The latest Arab League peace proposal, recycled with much fanfare from a 2002 Saudi plan, includes a requirement that Israel should accept untold millions of Palestinians who would relocate into Israel itself. The War of Independence began in 1948 because the Palestinians and their Arab supporters refused to accept the idea of an independent Jewish state in their midst, regardless of its borders or the clear-cut Jewish majority in the land originally mandated by the UN. Today, the insistence on a "right of return" shows that the Arabs still refuse to accept Israel as a sovereign nation, entitled to control its own destiny.
        If the Palestinians will negotiate peace, they get to decide who lives in their new state, but they don't get to decide who lives in the neighboring State of Israel. Until the Palestinians and their Islamic allies come to terms with the reality and permanence of a restored state on the ancient homeland of the Jewish people, and drop demands about a "right to return," peace negotiations will go absolutely nowhere. (
        See also The Failure of the Riyadh Summit - Dore Gold (ICA-JCPA)
  • What Saudi Arabia Wants - Rachel Bronson
    King Abdullah and Crown Prince Sultan bin Abd Al Aziz appear ready to nudge Iran to reduce regional tensions in Lebanon, Iraq, and beyond. Still, this doesn't mean that Saudi leaders either trust Iran or are optimistic about how far their efforts can succeed. Two trends are converging that are leading Saudi Arabia to pursue a more visible and active foreign policy. But they still do not explain the reported cancellation of the state dinner in Washington or the dramatic charge of the U.S. presence in Iraq being illegal. The Saudis have clearly decided that, in order to do what they must regionally, they need to portray distance from the U.S. The king sees little value in being viewed as the Tony Blair of the Middle East. (New Republic)
  • The Iranian Dilemma: Preventing Iran from Acquiring Nuclear Capabilities - Mordechai Kedar
    Most Iranian citizens lead a free, secular lifestyle, scorn the religious leaders who tyrannize them, and survive economically in a twisted and corrupt system. The leadership imposes its regime by means of force - from executing people in the city square to lashings and other forms of physical and mental punishment - according to Shiite practice. The average Iranian citizen enjoys relative personal freedom, as long as he or she refrains from engaging in political activity.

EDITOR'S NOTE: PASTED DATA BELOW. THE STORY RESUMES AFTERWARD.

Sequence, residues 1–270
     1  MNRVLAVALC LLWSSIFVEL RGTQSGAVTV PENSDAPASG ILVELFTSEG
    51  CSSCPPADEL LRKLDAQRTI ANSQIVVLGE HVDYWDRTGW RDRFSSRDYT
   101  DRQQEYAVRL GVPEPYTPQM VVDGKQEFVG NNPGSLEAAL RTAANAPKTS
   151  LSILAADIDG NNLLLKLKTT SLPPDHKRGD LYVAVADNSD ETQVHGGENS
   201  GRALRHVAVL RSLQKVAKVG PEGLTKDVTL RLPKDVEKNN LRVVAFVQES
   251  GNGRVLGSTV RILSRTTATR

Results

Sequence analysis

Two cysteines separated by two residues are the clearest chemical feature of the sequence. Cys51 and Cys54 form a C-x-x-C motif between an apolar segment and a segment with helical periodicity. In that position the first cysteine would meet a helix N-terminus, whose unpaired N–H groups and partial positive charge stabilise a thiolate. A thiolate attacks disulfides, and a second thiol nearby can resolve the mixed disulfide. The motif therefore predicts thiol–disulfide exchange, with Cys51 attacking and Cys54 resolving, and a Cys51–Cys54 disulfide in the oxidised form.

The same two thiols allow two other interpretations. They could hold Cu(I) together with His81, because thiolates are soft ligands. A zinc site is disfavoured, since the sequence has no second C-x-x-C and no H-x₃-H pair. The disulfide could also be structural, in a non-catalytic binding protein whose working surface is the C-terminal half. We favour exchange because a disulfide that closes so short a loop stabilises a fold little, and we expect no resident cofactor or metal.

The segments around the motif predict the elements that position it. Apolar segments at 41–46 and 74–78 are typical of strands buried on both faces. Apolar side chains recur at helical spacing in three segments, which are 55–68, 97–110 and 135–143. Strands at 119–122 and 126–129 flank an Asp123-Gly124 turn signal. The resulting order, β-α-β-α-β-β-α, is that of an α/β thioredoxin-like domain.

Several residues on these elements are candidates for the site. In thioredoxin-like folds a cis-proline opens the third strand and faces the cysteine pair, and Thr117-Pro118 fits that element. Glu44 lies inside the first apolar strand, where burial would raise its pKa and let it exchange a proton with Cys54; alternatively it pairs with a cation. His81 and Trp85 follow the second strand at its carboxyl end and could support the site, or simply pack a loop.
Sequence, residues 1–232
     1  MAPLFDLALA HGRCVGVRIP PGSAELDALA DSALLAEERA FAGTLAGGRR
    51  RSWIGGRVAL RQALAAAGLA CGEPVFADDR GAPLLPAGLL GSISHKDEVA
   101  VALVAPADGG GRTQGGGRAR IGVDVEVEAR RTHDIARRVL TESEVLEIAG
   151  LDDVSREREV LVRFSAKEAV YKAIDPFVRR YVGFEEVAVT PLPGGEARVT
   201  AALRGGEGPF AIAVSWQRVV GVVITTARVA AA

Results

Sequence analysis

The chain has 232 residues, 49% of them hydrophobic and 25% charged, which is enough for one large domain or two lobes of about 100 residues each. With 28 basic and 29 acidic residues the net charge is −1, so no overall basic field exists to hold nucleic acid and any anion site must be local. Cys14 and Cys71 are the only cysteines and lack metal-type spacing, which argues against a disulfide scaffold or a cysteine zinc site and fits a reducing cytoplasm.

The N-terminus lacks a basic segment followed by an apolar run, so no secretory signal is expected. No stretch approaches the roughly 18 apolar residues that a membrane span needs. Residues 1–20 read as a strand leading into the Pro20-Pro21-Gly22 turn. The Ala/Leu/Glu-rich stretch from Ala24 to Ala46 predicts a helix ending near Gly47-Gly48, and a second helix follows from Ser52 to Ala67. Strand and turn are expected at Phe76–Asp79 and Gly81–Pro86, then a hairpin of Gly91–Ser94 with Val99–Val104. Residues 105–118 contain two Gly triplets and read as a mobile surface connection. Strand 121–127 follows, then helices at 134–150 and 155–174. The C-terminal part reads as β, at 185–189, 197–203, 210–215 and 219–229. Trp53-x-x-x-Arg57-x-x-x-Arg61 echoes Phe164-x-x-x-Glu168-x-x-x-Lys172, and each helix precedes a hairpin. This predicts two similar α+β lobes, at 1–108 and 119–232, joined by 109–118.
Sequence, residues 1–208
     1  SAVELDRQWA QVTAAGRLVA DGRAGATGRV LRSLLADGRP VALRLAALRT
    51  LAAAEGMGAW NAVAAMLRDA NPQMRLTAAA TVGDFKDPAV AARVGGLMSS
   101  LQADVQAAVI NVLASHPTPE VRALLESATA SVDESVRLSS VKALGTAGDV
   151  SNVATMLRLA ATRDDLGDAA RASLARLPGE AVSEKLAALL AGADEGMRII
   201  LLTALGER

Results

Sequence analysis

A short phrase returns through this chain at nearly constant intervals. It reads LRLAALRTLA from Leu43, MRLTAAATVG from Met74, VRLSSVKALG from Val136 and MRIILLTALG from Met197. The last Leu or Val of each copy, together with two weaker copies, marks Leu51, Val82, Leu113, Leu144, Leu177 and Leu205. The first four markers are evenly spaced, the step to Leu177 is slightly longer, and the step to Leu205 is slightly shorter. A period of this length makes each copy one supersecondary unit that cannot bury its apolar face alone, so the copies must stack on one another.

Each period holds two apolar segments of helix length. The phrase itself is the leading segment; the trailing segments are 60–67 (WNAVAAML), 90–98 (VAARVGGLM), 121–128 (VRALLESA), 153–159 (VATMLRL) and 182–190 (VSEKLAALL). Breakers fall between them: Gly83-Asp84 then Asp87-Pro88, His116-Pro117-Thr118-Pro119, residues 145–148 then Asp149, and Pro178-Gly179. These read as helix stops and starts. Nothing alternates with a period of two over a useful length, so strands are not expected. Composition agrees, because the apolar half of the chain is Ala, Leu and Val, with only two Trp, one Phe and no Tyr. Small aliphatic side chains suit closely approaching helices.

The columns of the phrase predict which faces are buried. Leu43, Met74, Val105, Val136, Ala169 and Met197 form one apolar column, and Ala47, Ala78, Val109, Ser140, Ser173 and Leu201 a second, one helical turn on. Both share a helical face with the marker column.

Experience in recent years has proven that negotiations have no chance of halting Iran's nuclear plan. If a unified front of Western countries forces the Iranian regime to choose between survival and nuclearization, and if the West succeeds in convincing the ayatollahs that this time the ultimatum is serious and that it will unquestionably be implemented, they will choose survival. Dr. Mordechai Kedar, a research associate at the Begin-Sadat Center for Strategic Studies, served for 25 years in IDF Military Intelligence. (BESA Center/Bar-Ilan University)
  • Observations:

    The Trouble with Islam - Tawfik Hamid (Wall Street Journal)

    • As a former member of Jemaah Islamiya, a group led by al-Qaeda's second-in-command, Ayman al-Zawahiri, I know firsthand that the inhumane teaching in Islamist ideology can transform a young, benevolent mind into that of a terrorist.
    • Without confronting the ideological roots of radical Islam it will be impossible to combat it. While there are many ideological "rootlets" of Islamism, the main tap root has a name - Salafi Islam, a violent, ultra-conservative version of the religion. For more than 20 years I have been developing and working to establish a theologically-rigorous Islam that teaches peace.
    • Some in the West have taken up the chant that Islamic extremism is caused by the Arab-Israeli conflict. This analysis cannot convince any rational person that the Islamist murder of over 150,000 innocent people in Algeria or their slaying of hundreds of Buddhists in Thailand, or the brutal violence between Sunni and Shia in Iraq could have anything to do with the Arab-Israeli conflict.

      The writer is a medical doctor and Muslim reformer living in the West.

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    Today's issue of the Daily Alert was prepared in Israel on Chol Hamoed Pesach.